Analyzing intellectual property, and "scoring" it according to the above framework, creates a compelling case for considering IP within the scope of real assets.
Take, for example, music copyrights. Much like infrastructure or other more traditional real assets, music copyrights often have long, profitable life spans — for example, songs produced 30, 40 or 50 years ago are still being consumed today. An investment in a song's copyright preserves its value under transfer of ownership control, and ownership rights can be long-lasting. In the U.S., for instance, a song's copyright does not expire until 70 years after the death of the last living songwriter.
This long economic life provides a basis for the generation of relatively stable cash flows — in the form of royalties — and a diversified earnings stream that might be suitable for funding long-term liabilities. The owner of a song will get paid not only when someone downloads or streams the song on iTunes or Spotify, for example, but also when that song is played on the radio, performed live in concert, or used in a commercial, movie or video game.
In this respect, music copyrights tend to hold their value through periods of instability, a characteristic we often see across other real assets sectors. This is perhaps best demonstrated with a real-world example — the vast transformation the music publishing and recording rights industries have undergone in the past decade as consumption patterns have changed, with MP3 players and streaming services replacing CDs (which replaced cassette tapes, etc.). Despite this seismic shift, and even as CD sales have declined, music publishing revenue has increased.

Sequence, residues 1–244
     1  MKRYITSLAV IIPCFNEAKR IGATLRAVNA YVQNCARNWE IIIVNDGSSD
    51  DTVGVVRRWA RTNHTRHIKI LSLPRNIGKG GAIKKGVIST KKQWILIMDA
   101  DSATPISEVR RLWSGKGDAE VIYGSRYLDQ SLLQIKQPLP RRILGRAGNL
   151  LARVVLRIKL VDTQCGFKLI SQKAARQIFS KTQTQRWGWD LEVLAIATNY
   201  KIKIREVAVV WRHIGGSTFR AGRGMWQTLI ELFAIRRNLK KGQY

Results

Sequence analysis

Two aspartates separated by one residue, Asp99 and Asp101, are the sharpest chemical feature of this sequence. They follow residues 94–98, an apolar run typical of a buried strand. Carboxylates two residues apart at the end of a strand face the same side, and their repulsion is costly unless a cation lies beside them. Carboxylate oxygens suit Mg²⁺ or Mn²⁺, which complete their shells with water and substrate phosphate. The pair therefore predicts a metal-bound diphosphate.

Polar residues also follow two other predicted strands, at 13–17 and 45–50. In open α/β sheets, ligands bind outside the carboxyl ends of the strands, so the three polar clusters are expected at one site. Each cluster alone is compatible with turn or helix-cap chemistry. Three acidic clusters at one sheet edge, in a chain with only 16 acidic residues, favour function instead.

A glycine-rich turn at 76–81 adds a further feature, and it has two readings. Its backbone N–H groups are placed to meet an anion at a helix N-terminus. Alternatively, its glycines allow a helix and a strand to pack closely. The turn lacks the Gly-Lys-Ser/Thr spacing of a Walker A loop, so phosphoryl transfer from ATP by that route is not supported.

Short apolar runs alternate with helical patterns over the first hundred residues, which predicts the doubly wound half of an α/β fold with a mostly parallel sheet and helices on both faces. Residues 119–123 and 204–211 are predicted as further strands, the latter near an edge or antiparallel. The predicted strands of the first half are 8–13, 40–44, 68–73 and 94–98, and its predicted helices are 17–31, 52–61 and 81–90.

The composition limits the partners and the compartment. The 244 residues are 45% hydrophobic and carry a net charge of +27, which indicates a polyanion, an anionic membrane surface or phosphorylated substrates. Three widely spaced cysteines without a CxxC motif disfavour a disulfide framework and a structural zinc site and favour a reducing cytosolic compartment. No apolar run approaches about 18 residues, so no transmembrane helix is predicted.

In fact, the proliferation of smartphones and streaming services has arguably added to the intrinsic value of the asset class, as it has allowed more customers to be reached around the world more profitably (e.g., without the costs of the old physical distribution model). We view this adaptability as an indicator that these royalty-producing copyrights will likely hold their value as technology and consumption patterns evolve.
While there are certainly nuances particular to specific segments of the IP market, most segments tend to demonstrate some combination of the above mentioned characteristics, and as such, can play a meaningful role in investors' portfolios. As IP becomes an increasingly important part of the global economy, and the investment universe it represents expands both in size and diversity, the opportunity set — and potential benefits to investors — should only continue to grow.